When I sat down to reflect on what my next blog post should be about, several topics came to my mind. Sport psychology is such a broad topic with no one-size-fits-all solution. There's an art to finding what suits you best and using a personal strategy to improve your skills. I guess that's what I find so exciting about it - and at the same time why I found it so hard to decide on a specific topic. In the end, I finally decided on a series of blog posts about goal setting. Why?
1. It's the start of the season and most of us have goals for this upcoming season - and to achieve them, we have to plan them in advance as part of an annual process, to adapt our life style, our training, our spare time.
2. We all have different goals in our lives in general. In climbing, for example they could be, wanting to achieve a certain result at a competition, achieving a milestone in outdoor climbing or wanting to get back to our old strength after an injury.
But what exactly is a goal? Do we always automatically reach our goals? How can we improve our goal setting?
A goal is a result we desire to reach. We envision, plan and commit to it. It requires some kind of development - and usually, hard work. Setting goals are a precondition that persuades us to make and execute plans. Many of us strive to reach their goals within a finite time by setting deadlines. In competitions, these deadlines are externally determined and one has to perform on demand in order to reach ones goal - on a certain day, at a certain time, on a certain climbing wall.
However, there are different ways of setting goals. For example, if we want to win a certain competition, want to be ranked top 3 in this ranking or top 10 in another, if we want to reach finals at the World Cup or reach semis for the first time - we call these types of goals outcome goals. They focus on the result, outcome of a competition or specific situation.
When formulating a goal, we can also focus on our own performance and how we can relatively improve compared to our previous performance. For example, compared to last time you want to top out 8 instead of 6 boulders in a qualification. Your goal is to onsight an 8a which you‘ve so far only redpointed. Or you want to reach the podium this time as you‘ve only just missed out in the past. We can improve ourselves in very many different ways. Regardless of whether our improvements are big or small, there‘s an art to recognising them. Ask your coach next time where they see your improvement. This can give you valuable insight and help orientate your training. This type of goal setting is called performance goals.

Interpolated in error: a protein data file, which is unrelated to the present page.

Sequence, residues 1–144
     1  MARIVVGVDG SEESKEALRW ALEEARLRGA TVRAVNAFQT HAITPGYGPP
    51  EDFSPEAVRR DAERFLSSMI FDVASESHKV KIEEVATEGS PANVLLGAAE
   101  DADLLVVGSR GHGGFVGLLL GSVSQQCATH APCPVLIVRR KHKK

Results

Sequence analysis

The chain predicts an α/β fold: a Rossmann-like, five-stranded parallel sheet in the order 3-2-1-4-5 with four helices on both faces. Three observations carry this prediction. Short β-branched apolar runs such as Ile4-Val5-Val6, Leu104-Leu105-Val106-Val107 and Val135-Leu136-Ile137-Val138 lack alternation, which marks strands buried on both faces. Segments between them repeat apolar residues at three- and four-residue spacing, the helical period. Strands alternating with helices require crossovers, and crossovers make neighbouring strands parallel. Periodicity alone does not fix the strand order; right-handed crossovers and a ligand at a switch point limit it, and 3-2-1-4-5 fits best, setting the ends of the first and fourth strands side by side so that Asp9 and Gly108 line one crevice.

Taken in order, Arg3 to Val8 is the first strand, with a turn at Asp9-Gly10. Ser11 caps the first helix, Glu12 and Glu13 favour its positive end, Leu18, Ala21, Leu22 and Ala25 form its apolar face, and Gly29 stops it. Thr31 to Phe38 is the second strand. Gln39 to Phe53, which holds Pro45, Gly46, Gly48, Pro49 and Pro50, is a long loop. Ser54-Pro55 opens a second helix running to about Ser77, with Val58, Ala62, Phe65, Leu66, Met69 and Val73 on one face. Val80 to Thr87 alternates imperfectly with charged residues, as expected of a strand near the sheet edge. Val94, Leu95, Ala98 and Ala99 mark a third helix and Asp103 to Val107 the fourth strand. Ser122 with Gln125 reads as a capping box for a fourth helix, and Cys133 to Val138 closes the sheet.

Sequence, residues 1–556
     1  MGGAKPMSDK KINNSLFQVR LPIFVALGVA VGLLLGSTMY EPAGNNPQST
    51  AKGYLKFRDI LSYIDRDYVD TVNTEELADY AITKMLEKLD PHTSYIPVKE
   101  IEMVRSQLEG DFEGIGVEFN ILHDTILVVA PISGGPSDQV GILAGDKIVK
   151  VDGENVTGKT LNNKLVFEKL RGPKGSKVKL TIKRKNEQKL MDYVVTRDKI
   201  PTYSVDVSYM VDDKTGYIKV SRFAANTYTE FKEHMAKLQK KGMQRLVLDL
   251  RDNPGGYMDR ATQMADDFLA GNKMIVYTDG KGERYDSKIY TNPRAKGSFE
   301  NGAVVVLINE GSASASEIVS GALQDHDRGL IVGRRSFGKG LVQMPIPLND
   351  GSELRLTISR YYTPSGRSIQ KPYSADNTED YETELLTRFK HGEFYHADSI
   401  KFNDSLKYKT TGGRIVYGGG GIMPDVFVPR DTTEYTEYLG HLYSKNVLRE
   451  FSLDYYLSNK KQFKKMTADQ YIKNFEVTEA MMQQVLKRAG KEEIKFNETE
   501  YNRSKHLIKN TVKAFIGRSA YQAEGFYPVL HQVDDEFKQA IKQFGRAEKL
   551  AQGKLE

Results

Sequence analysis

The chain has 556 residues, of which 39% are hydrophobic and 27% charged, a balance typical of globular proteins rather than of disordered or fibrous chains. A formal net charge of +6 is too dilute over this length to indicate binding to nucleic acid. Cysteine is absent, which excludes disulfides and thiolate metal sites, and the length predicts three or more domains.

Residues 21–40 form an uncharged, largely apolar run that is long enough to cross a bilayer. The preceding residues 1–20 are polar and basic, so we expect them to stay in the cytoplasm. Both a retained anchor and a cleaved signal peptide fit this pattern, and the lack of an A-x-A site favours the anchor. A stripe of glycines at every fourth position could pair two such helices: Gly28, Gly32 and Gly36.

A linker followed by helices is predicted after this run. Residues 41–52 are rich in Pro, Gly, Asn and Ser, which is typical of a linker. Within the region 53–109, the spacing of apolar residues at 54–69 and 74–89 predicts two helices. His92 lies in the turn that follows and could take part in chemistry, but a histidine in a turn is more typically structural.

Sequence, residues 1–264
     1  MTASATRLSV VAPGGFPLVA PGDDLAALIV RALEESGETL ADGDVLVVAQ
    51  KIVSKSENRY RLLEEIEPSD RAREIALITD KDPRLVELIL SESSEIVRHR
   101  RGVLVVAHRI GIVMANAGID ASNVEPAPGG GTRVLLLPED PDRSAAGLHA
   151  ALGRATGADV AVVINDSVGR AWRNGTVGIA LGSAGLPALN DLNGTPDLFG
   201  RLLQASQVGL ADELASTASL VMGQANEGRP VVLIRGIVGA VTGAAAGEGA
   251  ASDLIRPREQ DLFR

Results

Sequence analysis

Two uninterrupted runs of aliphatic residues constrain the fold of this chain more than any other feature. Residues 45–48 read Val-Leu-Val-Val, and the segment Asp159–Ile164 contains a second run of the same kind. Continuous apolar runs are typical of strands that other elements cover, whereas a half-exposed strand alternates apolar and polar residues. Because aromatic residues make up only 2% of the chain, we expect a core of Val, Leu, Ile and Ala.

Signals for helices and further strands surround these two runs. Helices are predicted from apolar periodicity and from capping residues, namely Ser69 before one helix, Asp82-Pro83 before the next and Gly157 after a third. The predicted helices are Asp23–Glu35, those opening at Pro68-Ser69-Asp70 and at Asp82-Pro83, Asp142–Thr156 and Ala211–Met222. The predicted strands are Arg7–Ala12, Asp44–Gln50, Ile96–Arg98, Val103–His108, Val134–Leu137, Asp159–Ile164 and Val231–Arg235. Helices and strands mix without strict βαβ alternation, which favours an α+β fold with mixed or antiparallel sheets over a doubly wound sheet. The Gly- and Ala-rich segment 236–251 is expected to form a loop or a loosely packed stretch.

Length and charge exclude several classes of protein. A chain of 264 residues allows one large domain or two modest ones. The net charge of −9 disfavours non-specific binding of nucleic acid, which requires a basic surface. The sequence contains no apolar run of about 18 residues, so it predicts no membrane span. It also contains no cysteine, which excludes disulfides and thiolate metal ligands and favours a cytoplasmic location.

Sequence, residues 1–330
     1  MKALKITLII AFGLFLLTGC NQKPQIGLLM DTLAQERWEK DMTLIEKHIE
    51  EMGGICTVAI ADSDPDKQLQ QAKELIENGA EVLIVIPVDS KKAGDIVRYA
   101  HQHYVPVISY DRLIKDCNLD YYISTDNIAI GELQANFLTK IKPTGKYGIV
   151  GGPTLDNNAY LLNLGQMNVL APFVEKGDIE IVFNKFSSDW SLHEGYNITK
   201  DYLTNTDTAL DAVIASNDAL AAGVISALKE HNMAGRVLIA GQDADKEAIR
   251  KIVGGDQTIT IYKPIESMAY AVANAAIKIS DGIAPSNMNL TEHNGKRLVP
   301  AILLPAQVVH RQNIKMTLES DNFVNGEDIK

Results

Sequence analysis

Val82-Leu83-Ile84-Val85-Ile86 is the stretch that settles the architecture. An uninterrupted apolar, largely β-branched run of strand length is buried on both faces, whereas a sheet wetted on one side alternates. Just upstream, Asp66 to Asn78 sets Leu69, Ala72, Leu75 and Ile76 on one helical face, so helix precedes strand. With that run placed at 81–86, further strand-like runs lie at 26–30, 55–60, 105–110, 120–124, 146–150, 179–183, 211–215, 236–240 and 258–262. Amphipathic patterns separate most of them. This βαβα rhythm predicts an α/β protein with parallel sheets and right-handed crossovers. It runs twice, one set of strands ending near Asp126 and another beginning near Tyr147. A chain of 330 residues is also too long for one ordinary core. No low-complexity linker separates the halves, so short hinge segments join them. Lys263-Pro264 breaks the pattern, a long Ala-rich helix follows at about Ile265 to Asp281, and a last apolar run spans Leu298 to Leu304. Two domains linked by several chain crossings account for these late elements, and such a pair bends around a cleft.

From my perspective, the other main types of goals are called process goals. This is what you want to improve from a psychological, mental perspective. For example, if you noticed a lack of concentration during competition due to nervousness or other distracting factors, you write this down as a goal to improve. If you find it hard to motivate yourself during trainings, getting motivated might be a good goal to have. It‘s important to find your personal strategies so you can deal better with these things.
If you think carefully about it, you realise that we have little control over the outcome of a competition. Nobody, not even the best athletes, can enter a competition and guarantee a win. There are always other competitors or, particularly in climbing, variables such as unpredictable route-setting. Usually, our outcome goals correlate with pressure, tension, or suboptimal functioning.
I think we have all had this experience at some point - in play-offs, decisional training or competitions. If we have to achieve one thing to achieve another thing, we feel nervous more easily. For example, there will always be young, up-and-coming athletes waiting in the wings, and that can be a particular threat if you feel that your peak performance was reached in the past. If your recent results were moderate - not quite good enough to stay in the "A-Team“, you might be worried of being down-graded to the "B-Team“.
Another example which we face every single year here in Austria is the decision of who might go to the Youth Worlds. There are many strong climbers in Austria and only a limited number can compete in these competitions. This can put athletes under tremendous pressure. Being selected can mean travelling to exotic places all around the world, making friends and having amazing experiences. But all of this rests on a knife‘s edge.
Interesting fact: Research recommends that process goals contribute to a reduction of an athlete‘s sensitivity to psychosomatic fear in stress situations like this. It also proves an increase in self-confidence and an improved ability to concentrate on the immediate task, rather than the result. Our performance on demand is enhanced significantly.
I guess you know what to do next - write down your own personal goals for the upcoming season! Make sure you define your goals on all levels to shift the focus of just having to achieve certain outcomes. :)